In January 2012, three Twitter engineers were in charge of writing and maintaining the entire codebase for Android. New versions of the app were released every two to three months. Twitter’s mobile development needed to scale way up, and to do that the social networking company needed not only to restructure its development team, but also to change its corporate culture.
Twitter for Android engineering manager Jan Chong spoke at the Velocity Web Operations and Performance conference in New York City. Her presentation on “Scaling Android Development” talked about the road from a single team-based development model to a project-based model across distributed development teams. The first thing Twitter had to do, she said, was to break away from its fixed way of thinking, and start thinking about development in a mobile-first context.
“Twitter had Web Brain,” Chong said. “It came of age on the Web and had its initial growth in this area, which provided a lot of challenges when we wanted to go mobile.”
Shifting to mobile-first, Android-first
Twitter for Android began in 2011 with three developers and one designer, including Chong. After convincing the company’s executive board of the need for a more robust mobile presence, she was able to grow the app team from three to a dozen over the next year and a half, accelerating the app’s release cadence from every 8-12 weeks to once a month, then bi-monthly.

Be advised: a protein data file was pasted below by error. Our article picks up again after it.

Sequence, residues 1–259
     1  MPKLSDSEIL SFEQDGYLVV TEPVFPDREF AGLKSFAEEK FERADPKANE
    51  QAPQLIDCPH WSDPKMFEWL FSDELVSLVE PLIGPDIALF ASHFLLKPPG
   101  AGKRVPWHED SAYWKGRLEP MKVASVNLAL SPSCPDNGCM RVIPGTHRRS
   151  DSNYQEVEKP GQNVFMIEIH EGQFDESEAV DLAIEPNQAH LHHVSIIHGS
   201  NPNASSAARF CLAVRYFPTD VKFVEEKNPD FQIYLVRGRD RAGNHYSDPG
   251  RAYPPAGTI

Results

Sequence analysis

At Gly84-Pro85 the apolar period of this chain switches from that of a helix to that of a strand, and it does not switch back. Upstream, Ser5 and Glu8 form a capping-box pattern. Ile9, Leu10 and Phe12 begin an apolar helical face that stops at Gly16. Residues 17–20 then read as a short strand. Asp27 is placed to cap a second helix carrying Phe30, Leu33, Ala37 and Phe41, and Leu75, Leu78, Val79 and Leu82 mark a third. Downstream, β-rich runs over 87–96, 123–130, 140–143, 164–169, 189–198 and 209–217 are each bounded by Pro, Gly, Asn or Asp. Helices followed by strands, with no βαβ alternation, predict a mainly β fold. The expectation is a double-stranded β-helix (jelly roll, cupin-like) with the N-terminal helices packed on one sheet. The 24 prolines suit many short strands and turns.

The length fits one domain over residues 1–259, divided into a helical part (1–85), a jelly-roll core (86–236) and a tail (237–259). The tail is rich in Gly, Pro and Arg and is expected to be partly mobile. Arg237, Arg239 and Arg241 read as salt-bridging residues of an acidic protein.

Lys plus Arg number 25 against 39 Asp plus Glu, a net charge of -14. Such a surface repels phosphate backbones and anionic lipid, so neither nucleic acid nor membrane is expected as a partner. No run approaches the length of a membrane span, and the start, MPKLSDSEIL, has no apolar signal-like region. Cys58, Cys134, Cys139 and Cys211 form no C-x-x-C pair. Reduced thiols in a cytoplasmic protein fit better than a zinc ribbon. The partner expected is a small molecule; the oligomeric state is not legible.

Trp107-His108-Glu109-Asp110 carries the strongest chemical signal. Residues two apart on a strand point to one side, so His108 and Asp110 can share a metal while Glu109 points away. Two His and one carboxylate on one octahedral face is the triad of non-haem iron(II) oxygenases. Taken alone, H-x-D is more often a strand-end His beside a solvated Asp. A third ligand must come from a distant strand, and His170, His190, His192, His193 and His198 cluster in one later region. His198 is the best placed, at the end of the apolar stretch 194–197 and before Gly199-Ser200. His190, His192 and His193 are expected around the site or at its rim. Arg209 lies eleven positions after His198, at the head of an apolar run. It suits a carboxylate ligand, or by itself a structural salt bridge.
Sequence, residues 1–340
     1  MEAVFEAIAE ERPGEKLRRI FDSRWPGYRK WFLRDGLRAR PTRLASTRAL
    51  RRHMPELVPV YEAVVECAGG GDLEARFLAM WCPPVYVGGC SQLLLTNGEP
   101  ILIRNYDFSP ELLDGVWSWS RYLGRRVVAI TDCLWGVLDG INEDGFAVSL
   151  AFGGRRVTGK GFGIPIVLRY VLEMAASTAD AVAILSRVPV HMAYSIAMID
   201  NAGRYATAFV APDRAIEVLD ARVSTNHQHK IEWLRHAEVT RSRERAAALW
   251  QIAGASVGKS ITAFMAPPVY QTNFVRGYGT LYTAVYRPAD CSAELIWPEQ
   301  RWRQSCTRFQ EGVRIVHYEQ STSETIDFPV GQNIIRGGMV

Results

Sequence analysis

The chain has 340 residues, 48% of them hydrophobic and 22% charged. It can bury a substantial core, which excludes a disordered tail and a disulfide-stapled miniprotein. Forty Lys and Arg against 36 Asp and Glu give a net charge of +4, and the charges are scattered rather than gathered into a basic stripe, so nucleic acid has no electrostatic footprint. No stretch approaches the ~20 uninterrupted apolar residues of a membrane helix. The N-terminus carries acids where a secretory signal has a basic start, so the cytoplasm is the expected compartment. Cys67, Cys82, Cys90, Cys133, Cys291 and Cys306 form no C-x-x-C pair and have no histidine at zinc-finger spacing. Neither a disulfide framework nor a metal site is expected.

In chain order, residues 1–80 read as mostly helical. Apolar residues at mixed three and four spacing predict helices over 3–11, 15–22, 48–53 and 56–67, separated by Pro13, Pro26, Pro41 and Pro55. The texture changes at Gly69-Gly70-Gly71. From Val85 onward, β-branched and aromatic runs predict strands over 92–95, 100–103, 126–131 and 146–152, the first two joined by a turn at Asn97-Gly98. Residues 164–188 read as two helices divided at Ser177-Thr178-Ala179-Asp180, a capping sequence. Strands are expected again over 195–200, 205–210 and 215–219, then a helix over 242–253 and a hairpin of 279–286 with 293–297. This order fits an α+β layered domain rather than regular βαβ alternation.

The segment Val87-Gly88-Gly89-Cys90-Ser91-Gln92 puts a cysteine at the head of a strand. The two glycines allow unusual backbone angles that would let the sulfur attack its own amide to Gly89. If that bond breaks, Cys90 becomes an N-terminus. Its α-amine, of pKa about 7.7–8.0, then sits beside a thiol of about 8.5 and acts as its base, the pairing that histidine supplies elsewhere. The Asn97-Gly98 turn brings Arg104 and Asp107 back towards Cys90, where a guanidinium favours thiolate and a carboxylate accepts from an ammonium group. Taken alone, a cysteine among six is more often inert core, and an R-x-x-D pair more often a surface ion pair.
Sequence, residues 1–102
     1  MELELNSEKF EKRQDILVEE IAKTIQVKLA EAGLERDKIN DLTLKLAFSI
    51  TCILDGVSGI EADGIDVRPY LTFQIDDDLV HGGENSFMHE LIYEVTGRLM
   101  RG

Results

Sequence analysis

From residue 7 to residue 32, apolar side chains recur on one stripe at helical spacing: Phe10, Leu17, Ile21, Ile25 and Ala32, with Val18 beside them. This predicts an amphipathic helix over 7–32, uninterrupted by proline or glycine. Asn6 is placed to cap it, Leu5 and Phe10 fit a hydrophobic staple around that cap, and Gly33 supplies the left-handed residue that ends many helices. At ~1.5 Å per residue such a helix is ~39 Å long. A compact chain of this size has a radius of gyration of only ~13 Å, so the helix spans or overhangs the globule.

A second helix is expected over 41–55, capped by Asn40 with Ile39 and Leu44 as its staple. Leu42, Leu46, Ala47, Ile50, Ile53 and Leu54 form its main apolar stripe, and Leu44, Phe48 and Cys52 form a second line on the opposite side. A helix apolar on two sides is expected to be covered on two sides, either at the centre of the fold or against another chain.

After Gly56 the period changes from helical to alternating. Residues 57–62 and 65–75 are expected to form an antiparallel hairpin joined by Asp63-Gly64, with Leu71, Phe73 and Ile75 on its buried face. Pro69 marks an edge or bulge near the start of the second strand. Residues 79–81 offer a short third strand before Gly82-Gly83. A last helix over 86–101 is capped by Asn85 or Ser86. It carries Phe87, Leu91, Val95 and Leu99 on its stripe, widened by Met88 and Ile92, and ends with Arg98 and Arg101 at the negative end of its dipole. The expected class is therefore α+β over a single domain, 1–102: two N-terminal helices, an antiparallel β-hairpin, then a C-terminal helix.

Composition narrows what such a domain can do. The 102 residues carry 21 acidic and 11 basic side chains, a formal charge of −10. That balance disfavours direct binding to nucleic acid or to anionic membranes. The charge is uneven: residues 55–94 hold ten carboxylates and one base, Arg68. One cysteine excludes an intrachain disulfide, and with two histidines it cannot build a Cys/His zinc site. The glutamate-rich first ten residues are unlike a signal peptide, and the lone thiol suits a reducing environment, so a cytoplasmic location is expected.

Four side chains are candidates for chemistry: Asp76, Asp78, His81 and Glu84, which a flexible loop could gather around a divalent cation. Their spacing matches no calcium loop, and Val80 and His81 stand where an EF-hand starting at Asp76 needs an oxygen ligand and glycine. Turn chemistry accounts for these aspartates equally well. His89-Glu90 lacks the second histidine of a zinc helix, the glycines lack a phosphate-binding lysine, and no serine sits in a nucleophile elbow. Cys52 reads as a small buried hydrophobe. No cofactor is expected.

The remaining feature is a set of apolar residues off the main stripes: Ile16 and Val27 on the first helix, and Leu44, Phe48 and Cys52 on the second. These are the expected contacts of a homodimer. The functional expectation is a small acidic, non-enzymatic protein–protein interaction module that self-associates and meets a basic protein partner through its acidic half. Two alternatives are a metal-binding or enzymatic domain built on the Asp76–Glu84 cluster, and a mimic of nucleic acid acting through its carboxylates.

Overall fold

In shifting from a Web-first to a mobile-first philosophy, Chong and the Twitter for Android team had to nix Twitter’s #ShipIT concept, getting a release out as fast as possible. One complication of developing for Android as opposed to iOS is that users choose when to install an upgrade. On the Web, an inexperienced developer can code functionality and bugs aren’t as big a big deal, she explained. On Android, bugs can live a lot longer out in the wild, which has implications for API design. While in 2014 more than 80% of the Twitter for Android user base is running Jelly Bean or above, that still leaves several different operating systems to ship upgrades for on a weekly basis, before even factoring in device fragmentation.
“After you release a version, be prepared to support it for two years to avoid cutting off active users,” Chong said.
A constant state of flux
In the past nine months, the Twitter for Android team has grown rapidly from a staff of twelve to dozens, with 12-15 independent product groups including the frameworks team, the UI team, and the performance and stability team. The app has also moved to a weekly release cadence where two releases are always staggered: one in active development and one in bug fixes, with a mostly automated “bake” at the end and a new release branch every Friday.